SEIU 1021

Hundreds of SF City Workers plan to March Down Market St in Protest of Mayor’s Refusal to Safely Staff City Services
As tens of thousands of city workers bargain for a new contract, workers will flood the streets to call on the Mayor to #StaffUpSF and invest in the vital services our City depends on



Wednesday, March 23, 2022

Contact: Andrew Baker

Hundreds of City Workers plan to March Down Market St in Protest of Mayor’s Refusal to Safely Staff City Services

As tens of thousands of city workers bargain for a new contract, workers will flood the streets to call on the Mayor to #StaffUpSF and invest in the vital services our City depends on

(San Francisco, CA) — City workers are doubling down on their efforts to urge the Mayor to address San Francisco’s staffing crisis, as hundreds of workers plan to march down Market Street on March 23. Earlier in the day, members of the Board of Supervisors will be holding a hearing during the Budget and Finance meeting. The hearing will focus on the chronic short-staffing across the Department of Public Health, including at San Francisco General Hospital, that is impacting patient care and the ability of residents to access services. 

Click here to access our press kit containing the presentation being given to the Board of Supervisors during the DPH staffing hearing, as well as a fact sheet detailing some of the city departments hit hardest by the staffing crisis.

  • What: “Staff Up SF!” March Down Market Street for Public Services
  • When: Wednesday, March 23, 2022
    • Speaking program begins at 5:00 pm
    • March leaves City Hall around 5:20 pm
  • Where: Departing from SF City Hall, 1 Dr Carlton B Goodlett Pl, SF
  • Who: San Francisco Labor Council, San Francisco Building Trades, SEIU 1021, IFPTE Local 21, IBEW Local 6, Teamsters 856, IATSE Local 16, Transport Workers Union Local 250-A, Laborers’ International Union Local 261, Stationary Engineers Local 39
  • Visuals: Hundreds of union members in union t-shirts and apparel with banners and signs, people giving speeches, marching and chanting, and spokespeople available for interviews.
  • Language availability: Spokespeople available in English, Spanish, and Cantonese.


In addition to the march and hearing, workers are releasing preliminary research that shows just how severe the city’s staffing crisis is across key departments. City management has already admitted that there are over 3,800 vacancies citywide, a figure that represents roughly 10% of the total positions the city has budgeted for. 

Vacancies have an undeniable impact on the quality and speedy delivery of services from City departments. It’s no coincidence that some of the departments hardest hit by vacancies are also tasked with addressing some of our city’s most pressing challenges, including:

  • Department of Public Works: vacancy rate 29.1%
  • Department of Homelessness and Supportive Housing: vacancy rate 27.7%
  • Department of the Environment: vacancy rate 24.2%
  • Department of Economics and Workforce Development: vacancy rate 20.8%
  • San Francisco International Airport: vacancy rate 18.5%
  • San Francisco Planning Department: vacancy rate 16%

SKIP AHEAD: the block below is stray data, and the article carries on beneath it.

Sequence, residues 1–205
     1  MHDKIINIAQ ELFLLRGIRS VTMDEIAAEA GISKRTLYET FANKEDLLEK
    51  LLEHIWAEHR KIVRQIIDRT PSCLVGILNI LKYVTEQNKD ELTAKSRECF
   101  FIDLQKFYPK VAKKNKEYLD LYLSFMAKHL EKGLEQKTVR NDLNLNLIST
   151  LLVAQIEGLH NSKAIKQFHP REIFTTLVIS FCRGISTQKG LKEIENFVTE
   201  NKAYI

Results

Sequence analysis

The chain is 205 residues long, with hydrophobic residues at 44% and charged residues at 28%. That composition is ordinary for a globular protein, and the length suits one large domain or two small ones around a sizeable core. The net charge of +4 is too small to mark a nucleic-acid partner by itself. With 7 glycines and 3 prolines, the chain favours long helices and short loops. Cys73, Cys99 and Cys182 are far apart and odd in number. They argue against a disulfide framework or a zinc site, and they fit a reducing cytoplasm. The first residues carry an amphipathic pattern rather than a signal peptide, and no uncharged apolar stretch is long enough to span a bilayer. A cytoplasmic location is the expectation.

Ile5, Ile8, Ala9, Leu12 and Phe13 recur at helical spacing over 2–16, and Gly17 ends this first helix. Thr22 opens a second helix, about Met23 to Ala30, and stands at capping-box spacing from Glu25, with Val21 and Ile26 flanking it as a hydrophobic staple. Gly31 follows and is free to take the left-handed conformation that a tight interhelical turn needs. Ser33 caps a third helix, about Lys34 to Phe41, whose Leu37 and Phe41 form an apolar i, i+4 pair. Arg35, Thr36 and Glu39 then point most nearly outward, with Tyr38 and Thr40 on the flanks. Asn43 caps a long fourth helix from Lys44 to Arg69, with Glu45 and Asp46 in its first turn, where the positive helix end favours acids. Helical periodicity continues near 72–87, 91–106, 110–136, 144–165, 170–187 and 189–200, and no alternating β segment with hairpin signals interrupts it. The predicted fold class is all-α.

“My team provides services to people living in supportive housing, all of whom have a history of homelessness. We help people access food and healthcare, do wellness checks when clients haven’t been heard from, and much more. When we’re this understaffed, it causes a significant reduction in the services we can provide. Short-staffing puts the people we serve at serious risk. Filling these vacancies and staffing our department will help us provide the services our clients need; without adequate staffing we can’t provide enough support,” said Leslie Kupper, an SEIU 1021 member and a Behavioral Health Clinician with the Department of Homelessness & Supportive Housing.

“Our members do vital work across San Francisco, including cleaning up trash and hazardous materials left behind from encampments, dealing with illegal dumping, and sweeping the streets. We’re working overtime and pulling people from other areas but don’t have enough people to keep up with demand. The Mayor has talked a lot about keeping the streets of San Francisco clean and we know residents want the same but to do that, the city needs to hire permanent DPW staff and utilize our hiring hall to fill temporary positions. There’s no other way,” said LaVonda Williams, a Laborers Local 261 member working as a Gardener and Young Tree Care Captain with the Department of Public Works.

“The results on the City’s Climate Action plan depend on the work of my colleagues and I, but we’re not fully staffed. Over the past couple of years my team has gone from 14 people to 7. We are working late hours and weekends just to keep up with our goals. We need to hire more people by becoming more competitive. I want to know at least I did my part working hard to get a better planet for my nephews, for the next generation. San Francisco can do better on our goals like energy efficiency and zero waste, but we need to staff up,” said Rina Lopez, an IFPTE Local 21 member and Environmental Specialist with the Department of Environment.


The Public Employee Committee of the San Francisco Labor Council brings together over 30,000 dedicated public service workers among 26 unions. Healthcare providers, firefighters, infrastructure & trades workers, engineers, planners, educators, social workers and others continue to answer the call to public service each and every day as disaster service workers during the COVID-19 pandemic.